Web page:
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After the layoffs: Increased workloads stress out those left behind

Job cuts are never easy - and finding your name on the layoff list can be traumatic, especially this time of year. There's no disputing that.

Job cuts are never easy - and finding your name on the layoff list can be traumatic, especially this time of year. There's no disputing that.

But what about the folks whose names are not on the list, the ones who get left behind to pick up the workload slack? They certainly don't want to be complainers when the boss comes walking over to hand off the work that Mary or Joe was doing, before they were laid off. But, they were barely keeping up with their own workload before - and now there's more?

An increased workload - followed by the pace of new technology and office politics - are the leading causes of stress for IT workers today, according to a survey released by Robert Half Technologies. OK, I know what you're thinking: Too much work can be a good thing in today's economic climate. But it can also take a toll on productivity. Overstressed workers don't usually perform at their best and stressed-out workplaces can quickly erode morale, as well.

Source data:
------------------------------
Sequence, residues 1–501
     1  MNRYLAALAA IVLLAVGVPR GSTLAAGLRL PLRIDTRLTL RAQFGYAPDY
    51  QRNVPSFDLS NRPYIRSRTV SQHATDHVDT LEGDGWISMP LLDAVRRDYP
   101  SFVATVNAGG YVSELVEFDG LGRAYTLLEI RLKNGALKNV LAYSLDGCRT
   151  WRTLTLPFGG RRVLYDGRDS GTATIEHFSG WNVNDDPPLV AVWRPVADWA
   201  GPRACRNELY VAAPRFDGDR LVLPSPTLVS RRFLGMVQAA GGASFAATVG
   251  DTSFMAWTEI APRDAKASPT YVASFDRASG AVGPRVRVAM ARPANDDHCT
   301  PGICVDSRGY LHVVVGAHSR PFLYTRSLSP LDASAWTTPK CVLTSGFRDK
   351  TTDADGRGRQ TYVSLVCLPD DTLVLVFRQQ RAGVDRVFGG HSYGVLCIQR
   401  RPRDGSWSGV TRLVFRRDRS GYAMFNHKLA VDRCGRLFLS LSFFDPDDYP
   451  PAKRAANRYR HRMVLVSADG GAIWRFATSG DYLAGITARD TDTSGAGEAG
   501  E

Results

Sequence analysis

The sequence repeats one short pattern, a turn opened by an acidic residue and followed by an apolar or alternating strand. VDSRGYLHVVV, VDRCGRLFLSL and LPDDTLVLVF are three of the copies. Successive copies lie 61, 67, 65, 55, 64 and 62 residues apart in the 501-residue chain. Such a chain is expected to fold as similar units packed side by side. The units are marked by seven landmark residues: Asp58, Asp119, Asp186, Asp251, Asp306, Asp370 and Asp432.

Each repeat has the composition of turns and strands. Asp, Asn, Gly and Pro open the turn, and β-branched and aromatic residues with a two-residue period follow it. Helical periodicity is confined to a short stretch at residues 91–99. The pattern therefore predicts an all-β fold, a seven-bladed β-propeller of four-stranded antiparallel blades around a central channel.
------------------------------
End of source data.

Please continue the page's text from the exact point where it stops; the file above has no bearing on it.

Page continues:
Robert Half Technologies, which asked the question as part of a larger survey that helps shape hiring forecasts, said some companies are bringing in IT folks on a contract basis to help with the workload. Many are also looking at training and professional development programs to help employees keep pace with technology. Most importantly, though, good managers open the lines of communication to keep employees motivated and ensure that priority projects stay on track.

The survey asked the question: Which of the following do you think is the greatest source of workplace stress for IT professionals? The responses were:

stress chart